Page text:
Rejection at this ripe time in our lives can really stink. There’s no way around it. As we learn to move on after divorce, even the strongest of us can’t help but feel like we did something wrong when the person we loved and cared about, and spent our lives with as a partner, suddenly doesn’t want to be with us anymore.
When you are recovering from divorce after a long-term marriage, loneliness is definitely an obstacle that keeps you from moving on. We get stuck in this mindset because it makes us feel like we have nobody in the world.
After divorce, are you making this happiness mistake? Let me explain.
A while ago, I was laid off from a 9-5 job and I started to panic. As I started to assemble a resume and apply for new jobs, a voice in the back of my head kept chiming in: “I will be happy again once I am in a new job. Once I get that first pay check, I know I’ll smile and feel better about everything.”
Divorce after 50 can make you feel like everything you’ve known has been taken from you. The life you planned and your vision of the future may disappear, leaving you with a feeling of not knowing what to do or where to go from here.
But when you feel like this, don’t panic! There is merely one thing you must remember:
The holidays are coming. The falling snow, ringing of sleigh bells, and smells of turkey and pumpkin pie can conjure memories of family and togetherness.
When recovering from divorce after 50, every day can feel like a struggle.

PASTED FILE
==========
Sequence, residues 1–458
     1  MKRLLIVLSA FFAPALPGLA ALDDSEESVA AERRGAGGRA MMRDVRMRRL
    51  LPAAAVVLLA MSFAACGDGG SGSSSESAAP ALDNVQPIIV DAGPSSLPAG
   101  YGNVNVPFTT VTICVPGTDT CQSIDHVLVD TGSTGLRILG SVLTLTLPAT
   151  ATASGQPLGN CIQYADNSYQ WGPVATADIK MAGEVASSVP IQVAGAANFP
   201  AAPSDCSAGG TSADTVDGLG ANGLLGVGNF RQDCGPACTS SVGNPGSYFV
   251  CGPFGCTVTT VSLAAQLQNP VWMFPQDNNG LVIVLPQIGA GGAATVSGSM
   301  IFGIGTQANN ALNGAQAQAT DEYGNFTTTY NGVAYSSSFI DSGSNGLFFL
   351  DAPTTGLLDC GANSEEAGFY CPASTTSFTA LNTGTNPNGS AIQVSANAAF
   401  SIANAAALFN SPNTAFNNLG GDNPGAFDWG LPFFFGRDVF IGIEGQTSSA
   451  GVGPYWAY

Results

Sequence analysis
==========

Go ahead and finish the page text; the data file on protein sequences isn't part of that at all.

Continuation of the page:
Learning how to reinvent ourselves, establish our independence again, and figure out what we want during this next chapter of our lives is a bit overwhelming. Oftentimes, we may forget to see all the wonderful things that await us.
Marriages, especially ones that have lasted for decades, take work. Every day will not be a honeymoon. Arguments, compromises, and sacrifices will no doubt be daily currency. While the give and take in a relationship is normal, there are instances when staying married is not a sustainable option.
Divorce for women over 50 gets a bad rap. We have this cultural conditioning where we tend to see a divorced woman left with nothing. She has nowhere to turn and having no clue what to do with the rest of her life.
Divorce guilt comes in all sorts of mutating forms. It is normal for many of us to feel like we were somehow to blame for the divorce. Culturally, we are taught that keeping the household and marriage successful was our responsibility.